ST. PETERSBURG — Damian J. Fernandez, a chancellor in the Pennsylvania State University system, will take over as the new president of Eckerd College on July 1, the school announced Monday.
Fernandez, 62, will succeed Donald R. Eastman III, the school’s leader for 19 years who is credited with doubling applications for admission, increasing on-campus housing and adding more robust curriculum options. He steps down June 30.
The search for Eckerd’s fifth president began before the public learned Eastman was leaving and drew 179 applications from around the nation. The process was largely private, so Monday’s announcement was a surprise for most.
Addressing the campus for the first time inside Eckerd’s Fox Hall, Fernandez shared his long-held admiration for the private, liberal arts school. He said although he appeared calm, he was “doing the wild happy dance" inside.
Then he urged those in attendance to partner with him to write the "next chapter of our Eckerd story.”
“This isn’t about me," Fernandez continued. “This is an us moment, of shared values, shared responsibility and shared aspirations. ... Thank you for inviting me to join you in this journey of possibility.”
Since 2016, Fernandez has been the chancellor of The Pennsylvania State University Abington, one of 19 “commonwealth campuses" across Pennsylvania that extend Penn State’s reach beyond its flagship campus in University Park.
He “was instrumental in crafting the school’s strategic plan, expanding the faculty, launching three new degree programs and opening the school’s first residence hall," according to an Eckerd news release. Penn State Abington has about 3,700 students.
Fernandez also has worked as chief executive officer for Ethical Culture Fieldston School in New York, executive vice president for academic affairs at the State University of New York Purchase College and vice provost of Florida International University. His ties to the Sunshine State include a masters in Latin American studies from the University of Florida and a doctorate in international relations from the University of Miami.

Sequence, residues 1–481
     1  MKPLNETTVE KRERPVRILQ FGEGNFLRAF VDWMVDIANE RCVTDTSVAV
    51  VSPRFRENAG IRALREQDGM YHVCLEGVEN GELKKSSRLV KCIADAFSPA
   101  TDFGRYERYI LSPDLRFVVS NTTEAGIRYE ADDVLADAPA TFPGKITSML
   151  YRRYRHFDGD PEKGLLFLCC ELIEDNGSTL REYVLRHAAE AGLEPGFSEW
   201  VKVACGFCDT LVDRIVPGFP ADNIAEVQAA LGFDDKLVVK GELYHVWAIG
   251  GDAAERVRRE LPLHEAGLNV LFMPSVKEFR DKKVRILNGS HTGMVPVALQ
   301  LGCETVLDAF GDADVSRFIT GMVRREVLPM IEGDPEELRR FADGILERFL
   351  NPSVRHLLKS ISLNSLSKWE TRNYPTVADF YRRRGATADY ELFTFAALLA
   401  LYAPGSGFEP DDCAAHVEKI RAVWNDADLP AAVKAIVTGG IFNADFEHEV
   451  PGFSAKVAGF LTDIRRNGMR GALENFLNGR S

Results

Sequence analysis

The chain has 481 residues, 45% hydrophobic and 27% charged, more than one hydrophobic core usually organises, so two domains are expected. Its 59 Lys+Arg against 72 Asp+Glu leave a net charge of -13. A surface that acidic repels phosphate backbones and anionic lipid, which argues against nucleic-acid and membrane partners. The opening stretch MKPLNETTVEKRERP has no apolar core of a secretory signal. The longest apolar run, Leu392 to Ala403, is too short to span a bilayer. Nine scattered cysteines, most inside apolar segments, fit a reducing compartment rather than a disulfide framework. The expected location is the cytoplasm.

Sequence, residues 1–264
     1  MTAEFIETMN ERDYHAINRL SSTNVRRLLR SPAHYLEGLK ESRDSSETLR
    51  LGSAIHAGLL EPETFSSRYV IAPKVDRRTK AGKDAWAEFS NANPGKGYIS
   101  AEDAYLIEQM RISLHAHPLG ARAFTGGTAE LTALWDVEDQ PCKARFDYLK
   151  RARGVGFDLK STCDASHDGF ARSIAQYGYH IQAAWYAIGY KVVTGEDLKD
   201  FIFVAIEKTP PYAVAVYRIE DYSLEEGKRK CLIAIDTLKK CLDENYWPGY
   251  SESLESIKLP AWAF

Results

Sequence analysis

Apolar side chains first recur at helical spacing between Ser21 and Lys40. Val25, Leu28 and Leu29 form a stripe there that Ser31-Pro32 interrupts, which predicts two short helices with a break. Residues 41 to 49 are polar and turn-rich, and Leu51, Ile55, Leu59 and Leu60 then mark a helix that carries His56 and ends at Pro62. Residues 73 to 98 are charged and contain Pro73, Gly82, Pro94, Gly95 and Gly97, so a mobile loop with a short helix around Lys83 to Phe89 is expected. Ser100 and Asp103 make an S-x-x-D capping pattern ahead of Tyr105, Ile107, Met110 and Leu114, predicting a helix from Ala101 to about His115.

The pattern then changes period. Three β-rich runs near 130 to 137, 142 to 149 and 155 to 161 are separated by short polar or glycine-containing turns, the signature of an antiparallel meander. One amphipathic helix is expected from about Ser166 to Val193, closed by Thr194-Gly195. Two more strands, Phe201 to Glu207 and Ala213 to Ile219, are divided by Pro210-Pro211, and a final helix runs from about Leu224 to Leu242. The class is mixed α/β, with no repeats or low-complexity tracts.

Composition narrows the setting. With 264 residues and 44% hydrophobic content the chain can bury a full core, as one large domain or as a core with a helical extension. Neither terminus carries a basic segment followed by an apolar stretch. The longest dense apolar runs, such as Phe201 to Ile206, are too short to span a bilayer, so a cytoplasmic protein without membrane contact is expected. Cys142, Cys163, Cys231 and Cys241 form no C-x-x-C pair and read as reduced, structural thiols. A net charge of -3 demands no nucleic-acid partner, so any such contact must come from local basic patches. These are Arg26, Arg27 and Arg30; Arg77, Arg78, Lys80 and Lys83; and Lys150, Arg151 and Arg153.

With more than 30 years of experience in higher education, Fernandez said in an interview that he feels ready to build on the legacy Eastman will leave at Eckerd. He wants to continue the school’s commitment to small classes and “structurally flexible” learning, as well as preserve the value placed on student-faculty relationships.
“That’s the magic of an Eckerd College education,” he said, adding that the school pioneered an engaging way of education that is now being pushed by the brain science community and replicated at higher education institutions across the country.
At the same time, Fernandez, a Cuban immigrant who grew up Puerto Rico, said he wants to push for more diversity at the college. He sees room for growth in how the school engages with local and global communities.
“I would not be where I am today if it were not for people who believed in me,” he said. "I want to open the doors of Eckerd College to so many students who might not know of the opportunities here.”
Fernandez first took interest in Eckerd 45 years ago, as a high school senior in Puerto Rico. He applied and was accepted, but opted for a different route when he earned a spot at Princeton, too.
He fondly recalls his first interaction regarding the job at Eckerd. He was sitting in his office in Pennsylvania one afternoon in June when the phone rang. It was a member of the school’s presidential search committee.
“It was one of those light bulb moments,” Fernandez said. “I thought to myself, 'Wouldn’t it be wonderful to be the president of Eckerd College?’"
The search committee that recruited him was made up of Eckerd trustees, alumni, staff, faculty and Kaitlyn Willgohs, a junior who spoke on behalf the school’s nearly 2,000 students. It assembled nearly a year ago and worked with the Washington, D.C.–based firm Academic Search to find candidates.
Eastman, Eckerd’s current president, praised the process. He said it reinforced the school’s “deep commitment” to shared governance and trust. Eckerd alumnus Ian Johnson, who led the search, said the task was daunting. But only because Eastman’s leadership turned the college into “the envy of the presidential search market.”
“Our search was focused on not just finding the best candidate, but finding the right candidate for Eckerd College,” he said at Monday’s announcement. “We sought a proven and accomplished leader who simply gets Eckerd College, with all its quirkiness and magic and all that is special about us.”
Fernandez was one of three candidates invited to campus for interviews — and finding him to be a “catalytic leader,” the entire committee voted enthusiastically in his favor, Johnson said. “The faculty involved unanimously agreed: He’s the one. Look no further," recalled Suzan Harrison, Eckerd’s vice president of academic affairs and dean of faculty.
Trustees confirmed Fernandez as Eastman’s successor on Nov. 9. He was elated but also overwhelmed by the news.
“President Eastman leaves this institution in the most robust position it has ever been,” Fernandez said, sitting in the president’s conference room he will soon take over. “I have big shoes to fill.”